On Monday 31st August 1914, less that 4 weeks after war was declared, Ernest along with 14 other local men left Bourne station to join the Lincolnshire Regiment.

* Grantham Journal Saturday 5 September 1914

HEARTY SEND-OFF FOR RECRUITS:- On Monday morning, a company of fifteen left Bourne Station to join the Lincoln Regiment of Lord Kitchener’s Army. The company met at the recruiting station in West Street and were escorted to the station by the Bourne Brass Band and a large number of the residents of the town. The names were:- Arthur Mason, Fred W Savage, John Thos Baldock, Geo Sherwin, George Carver, Frank Baldock (married), H Cleary, W Herbert Bloodworth (married), Percy J Vickers, Walter Parker (married), Ernest Robinson, Harry Darnes (Bourne), Joe Smith, Walter Archer and Percy Cave (Witham-on-the-Hill, the latter three being the result of a meeting at Witham-on-the-Hill on Sunday evening, addressed by Lord Kesteven and Lieut K. R. G. Fenwick and presided over by Col C. Birch-Reynardson.

Ernest joined the 6th battalion Lincolnshire Regiment, although his records are not available and it is assumed were destroyed in the warehouse fire in the Blitz during World War Two.

Ernest was awarded the 1915 star meaning that he saw action abroad in 1915. Other than this and the fact that he was listed in the 2nd Battalion on his effects register, not much is known about his exact movements from the official records.

The 6th Lincolnshire was formed in the first week of the war and stationed themselves at Belton Park near Grantham, ready to receive recruits. By the end of the month they had formed 4 companies of new recruits from the men that answered Kitchener’s call. It was noted that the physical standard of troops for the 6th Battalion was high due to the high numbers go agricultural workers that joined the Battalion.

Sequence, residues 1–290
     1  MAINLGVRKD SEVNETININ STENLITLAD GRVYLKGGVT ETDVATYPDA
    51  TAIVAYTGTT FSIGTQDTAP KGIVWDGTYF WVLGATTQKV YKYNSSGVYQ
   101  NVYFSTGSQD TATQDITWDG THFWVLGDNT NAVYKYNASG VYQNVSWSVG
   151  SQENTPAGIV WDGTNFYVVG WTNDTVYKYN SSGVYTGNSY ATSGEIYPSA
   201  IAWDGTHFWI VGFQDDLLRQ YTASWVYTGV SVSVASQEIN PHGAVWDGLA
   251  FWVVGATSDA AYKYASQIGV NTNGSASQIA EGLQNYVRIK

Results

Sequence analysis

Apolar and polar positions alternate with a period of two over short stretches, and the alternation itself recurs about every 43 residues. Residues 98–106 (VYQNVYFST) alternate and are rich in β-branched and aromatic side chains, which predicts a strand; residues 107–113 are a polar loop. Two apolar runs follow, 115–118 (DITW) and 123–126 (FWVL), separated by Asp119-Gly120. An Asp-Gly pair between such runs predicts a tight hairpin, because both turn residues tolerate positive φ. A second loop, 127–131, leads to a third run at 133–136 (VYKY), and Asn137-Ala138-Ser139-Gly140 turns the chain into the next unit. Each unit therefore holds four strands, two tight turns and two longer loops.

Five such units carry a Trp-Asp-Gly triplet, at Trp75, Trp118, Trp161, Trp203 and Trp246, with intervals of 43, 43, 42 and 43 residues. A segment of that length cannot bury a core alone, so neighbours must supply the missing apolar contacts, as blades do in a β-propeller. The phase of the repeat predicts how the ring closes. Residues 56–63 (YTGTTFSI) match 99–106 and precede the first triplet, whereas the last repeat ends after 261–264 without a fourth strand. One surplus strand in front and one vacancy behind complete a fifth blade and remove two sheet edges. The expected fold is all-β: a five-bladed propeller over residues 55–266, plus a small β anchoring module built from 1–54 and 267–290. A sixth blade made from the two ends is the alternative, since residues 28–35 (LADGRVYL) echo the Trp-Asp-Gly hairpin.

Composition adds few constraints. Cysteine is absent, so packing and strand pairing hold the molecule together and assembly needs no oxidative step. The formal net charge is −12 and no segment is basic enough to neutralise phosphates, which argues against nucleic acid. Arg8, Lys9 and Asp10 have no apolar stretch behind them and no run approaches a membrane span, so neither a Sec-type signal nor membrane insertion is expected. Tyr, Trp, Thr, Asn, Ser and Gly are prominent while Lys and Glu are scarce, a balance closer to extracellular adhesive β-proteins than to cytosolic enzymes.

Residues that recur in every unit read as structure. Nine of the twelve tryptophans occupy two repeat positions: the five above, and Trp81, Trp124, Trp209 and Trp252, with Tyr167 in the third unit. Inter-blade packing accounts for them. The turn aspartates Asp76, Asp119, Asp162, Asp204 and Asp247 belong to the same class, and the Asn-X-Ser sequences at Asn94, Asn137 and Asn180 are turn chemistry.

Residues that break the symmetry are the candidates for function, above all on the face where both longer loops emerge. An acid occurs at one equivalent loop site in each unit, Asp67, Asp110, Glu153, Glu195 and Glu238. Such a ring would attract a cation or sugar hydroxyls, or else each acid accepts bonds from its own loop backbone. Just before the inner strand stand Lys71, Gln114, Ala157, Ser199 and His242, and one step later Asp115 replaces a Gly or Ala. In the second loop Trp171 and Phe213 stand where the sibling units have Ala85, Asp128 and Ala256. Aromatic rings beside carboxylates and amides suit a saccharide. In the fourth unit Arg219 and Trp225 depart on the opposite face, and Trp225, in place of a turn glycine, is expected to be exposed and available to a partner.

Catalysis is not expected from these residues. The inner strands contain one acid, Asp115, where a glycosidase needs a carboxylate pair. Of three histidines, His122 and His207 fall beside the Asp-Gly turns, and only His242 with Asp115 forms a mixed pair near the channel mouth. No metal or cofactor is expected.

The 11th Northern Division including the 6th battalion and  Ernest, stated to to move from their training camps to Salisbury Plain, the 6th battalion being sent into camp at Frensham in March 1915, where final training was carried out. On the 31st of May the division was inspected by king George V on Hankey Common before entraining to Liverpool and then embarking on the Empress of Britain for the Dardanelles.

They arrived in Alexandria on July 12th and once age embarked on the 16th eventually dropping anchor in Mudros Harbour on the 18th. After another 2 days at anchor the Battalion was transhipped by small river steamers to Cape Hellas and then by trawlers onto the River Clyde which was now stranded on the beach near Sedd el Bahr.

It was only after 6 weeks of heavy fighting, including Sulva Bay, Scimitar Hill and Chocolate Hill, that we find Ernest on the wounded list of the 3rd September. It was reported that, whilst serving with C company of the 6th Battalion, Ernest took a shrapnel wound to his right buttock and foot.
He was transferred by a sick convoy to the 19th General Hospital in Alexandria arriving on the 115th August and spent the next 20 days receiving treatment on Ward A.
On the 3rd September he was returned to England arriving from the convoy ship on the 13th September 1915 and being admitted to Queen Alexandra’s Hospital in Millbank London. He was discharged from hospital on the 18th February 1916, although another note says 10 days S.F(Bn). In other wounded cases we have seen soldiers receiving furlough immediately after leaving hospital. The only other piece of information is that in the observation column it notes Westminster.

– In a letter home published in the Grantham Journal 23rd October 1915;
Private F Hinson No2 B company, six platoon, 6th Lincolns is writing from the Dardanelles to his parents. Mr and Mrs Jabez Henson, Woodview, Bourne says:-

“We have been here a fortnight, I have just been talking to young Bloodworth from Bourne Gas House. We are in the same company. Of those who came from Bourne in this company only Bloodworth and Rooksby are left. The rest are killed or wounded. Among the wounded were Vickers, Ernest Robinson, Savage and Baldock (whose brother is missing). Young Wray (who was my pal in France) and I are together again.”